11.4.1 What is Social Network Analysis (SNA)?

Social Network Analysis theory produces an alternate view, where the attributes of individuals are seen as less important than their relationships and ties with other actors. SNA is the mapping and measuring of relationships and flows between people, groups, computers, web sites and other knowledge processing entities.

Taking also into consideration that knowledge and especially its most important element, tacit knowledge1, is mainly socially constructed through frequent meetings, conversations, etc., SNA tools aim to analyze and then depict several patterns of social behavior which are very much related to tacit knowledge management2.

The nodes in the network are the people and groups (actors) while the links show relationships or flows between the nodes (ties). SNA provides both a visual and mathematical analysis of human relationships3. It is based on the assumption of the importance of relationships among interacting units4. As a result, SNA assumes that people are interdependent. This approach has turned out to be useful in explaining many real-world phenomena.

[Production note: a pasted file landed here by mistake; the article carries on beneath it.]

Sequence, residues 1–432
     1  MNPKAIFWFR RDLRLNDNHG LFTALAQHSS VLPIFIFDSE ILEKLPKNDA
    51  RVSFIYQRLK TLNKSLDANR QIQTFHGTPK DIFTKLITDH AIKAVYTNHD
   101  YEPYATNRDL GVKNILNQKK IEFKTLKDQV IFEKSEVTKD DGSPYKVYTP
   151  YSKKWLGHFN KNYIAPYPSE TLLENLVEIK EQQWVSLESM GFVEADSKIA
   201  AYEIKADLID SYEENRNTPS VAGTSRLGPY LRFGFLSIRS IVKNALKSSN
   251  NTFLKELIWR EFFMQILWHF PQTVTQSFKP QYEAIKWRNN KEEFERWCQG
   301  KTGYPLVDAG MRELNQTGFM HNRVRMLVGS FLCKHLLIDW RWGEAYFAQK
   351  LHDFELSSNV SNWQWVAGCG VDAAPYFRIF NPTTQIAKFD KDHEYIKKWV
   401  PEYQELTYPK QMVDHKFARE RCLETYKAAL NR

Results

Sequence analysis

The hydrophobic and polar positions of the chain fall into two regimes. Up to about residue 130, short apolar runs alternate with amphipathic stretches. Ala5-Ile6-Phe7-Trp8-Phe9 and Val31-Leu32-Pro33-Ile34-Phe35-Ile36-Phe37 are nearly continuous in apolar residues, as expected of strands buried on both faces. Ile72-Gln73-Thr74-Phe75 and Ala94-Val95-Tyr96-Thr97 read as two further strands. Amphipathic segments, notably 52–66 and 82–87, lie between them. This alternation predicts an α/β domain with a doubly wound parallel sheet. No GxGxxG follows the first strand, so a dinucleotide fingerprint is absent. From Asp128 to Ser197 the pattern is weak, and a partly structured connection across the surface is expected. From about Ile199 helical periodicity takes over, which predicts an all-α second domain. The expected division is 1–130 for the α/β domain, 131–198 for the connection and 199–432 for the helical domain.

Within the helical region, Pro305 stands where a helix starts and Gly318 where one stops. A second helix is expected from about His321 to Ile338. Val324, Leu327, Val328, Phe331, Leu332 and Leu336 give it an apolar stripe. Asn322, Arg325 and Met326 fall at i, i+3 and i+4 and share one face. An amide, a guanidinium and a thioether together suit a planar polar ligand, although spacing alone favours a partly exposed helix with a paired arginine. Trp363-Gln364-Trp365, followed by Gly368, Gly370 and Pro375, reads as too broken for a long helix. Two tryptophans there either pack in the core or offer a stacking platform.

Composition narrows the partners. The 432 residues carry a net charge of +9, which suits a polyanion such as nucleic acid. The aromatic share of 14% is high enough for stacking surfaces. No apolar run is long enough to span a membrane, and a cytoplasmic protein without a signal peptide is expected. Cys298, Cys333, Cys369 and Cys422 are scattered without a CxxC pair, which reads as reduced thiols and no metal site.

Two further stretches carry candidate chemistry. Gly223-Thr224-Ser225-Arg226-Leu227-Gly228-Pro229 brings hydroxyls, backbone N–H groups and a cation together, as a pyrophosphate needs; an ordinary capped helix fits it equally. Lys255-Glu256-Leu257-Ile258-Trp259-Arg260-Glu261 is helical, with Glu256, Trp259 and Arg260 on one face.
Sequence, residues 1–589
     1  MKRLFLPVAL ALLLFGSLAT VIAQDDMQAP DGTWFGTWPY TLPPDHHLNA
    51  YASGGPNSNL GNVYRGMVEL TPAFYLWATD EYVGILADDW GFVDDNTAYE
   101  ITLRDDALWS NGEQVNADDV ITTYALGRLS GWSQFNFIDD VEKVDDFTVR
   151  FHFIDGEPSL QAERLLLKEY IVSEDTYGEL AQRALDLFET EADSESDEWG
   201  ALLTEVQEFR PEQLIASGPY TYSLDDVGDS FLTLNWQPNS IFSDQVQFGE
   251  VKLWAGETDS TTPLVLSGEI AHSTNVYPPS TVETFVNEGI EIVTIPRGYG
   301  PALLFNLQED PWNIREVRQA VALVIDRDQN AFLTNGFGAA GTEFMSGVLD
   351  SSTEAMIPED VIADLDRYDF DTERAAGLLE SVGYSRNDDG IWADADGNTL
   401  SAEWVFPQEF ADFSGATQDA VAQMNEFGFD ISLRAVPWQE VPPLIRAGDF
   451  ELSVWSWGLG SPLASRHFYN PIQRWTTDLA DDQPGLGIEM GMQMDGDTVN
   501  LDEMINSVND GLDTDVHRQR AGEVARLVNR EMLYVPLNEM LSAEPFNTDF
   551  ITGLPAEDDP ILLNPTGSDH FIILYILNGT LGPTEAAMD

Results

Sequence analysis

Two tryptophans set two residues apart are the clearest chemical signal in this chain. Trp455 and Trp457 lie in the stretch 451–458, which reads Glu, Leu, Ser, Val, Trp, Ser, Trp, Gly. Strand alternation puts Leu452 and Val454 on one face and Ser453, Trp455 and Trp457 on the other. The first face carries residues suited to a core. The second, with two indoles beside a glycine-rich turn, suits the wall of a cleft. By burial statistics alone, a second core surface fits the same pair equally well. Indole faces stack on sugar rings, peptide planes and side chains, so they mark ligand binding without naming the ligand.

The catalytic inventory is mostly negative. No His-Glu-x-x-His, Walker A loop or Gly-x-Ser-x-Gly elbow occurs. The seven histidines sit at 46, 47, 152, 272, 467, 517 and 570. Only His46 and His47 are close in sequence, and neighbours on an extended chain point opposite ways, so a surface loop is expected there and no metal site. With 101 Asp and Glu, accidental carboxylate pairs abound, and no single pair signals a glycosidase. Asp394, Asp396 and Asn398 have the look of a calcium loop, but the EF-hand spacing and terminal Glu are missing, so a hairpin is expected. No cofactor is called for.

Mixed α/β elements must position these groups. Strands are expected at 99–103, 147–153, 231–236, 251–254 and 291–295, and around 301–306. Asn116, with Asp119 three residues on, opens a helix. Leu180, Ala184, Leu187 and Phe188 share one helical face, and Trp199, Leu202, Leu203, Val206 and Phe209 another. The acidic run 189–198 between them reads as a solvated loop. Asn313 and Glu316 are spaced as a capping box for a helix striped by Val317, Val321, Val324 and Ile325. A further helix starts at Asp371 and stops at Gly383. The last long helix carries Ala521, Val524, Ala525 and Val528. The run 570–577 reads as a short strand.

The focus on interdependence means that SNA can ask –and answer- questions such as:

  • Is Sales effectively communicating with Marketing to share and coordinate information about the customer?
  • When two companies or organisations merge, how can management use the informal network to spread important messages?
  • In R&D group, are there enough people bringing in ideas from outside and are those ideas being acted upon?5

Along with growing interest and increased use of network analysis has come a consensus about the central principles underlying the network analysis perspective. In addition to the use of relational concepts, we note the following as being important:

  • Actors and their actions are viewed as interdependent rather than independent.
  • Relational ties (linkages) between actors are channels for transfer or “flow” of resources (either material or nonmaterial).
  • Network models focusing on individuals view the network structural environment as providing opportunities for or constraints on individual action
  • Network models conceptualize structure (social, economic, political and so forth) as lasting patterns of relations among actors6

The aim of this is mainly to explain the major concepts and business benefits to be gained from using SNA tools in organisations, as well as their application to business problems.  

1 Tacit knowledge: Refers to a knowledge which is only known by an individual and that is often difficult to communicate to the rest of an organization. Knowledge that is easy to communicate is often called explicit knowledge. Tacit knowledge has been described as “know-how” (as opposed to “know-what” [facts], “know-why” [science] and "know-who"[networking]). It involves learning and skill but generally not in a way that can be written down.
2 www.trainmor-knowmore.eu
3 http://www.orgnet.com/sna.html
4 http://lrs.ed.uiuc.edu/tse-portal/analysis/social-network-analysis/

6 Kristina Groth, ‘Using Social Networks for knowledge Management’.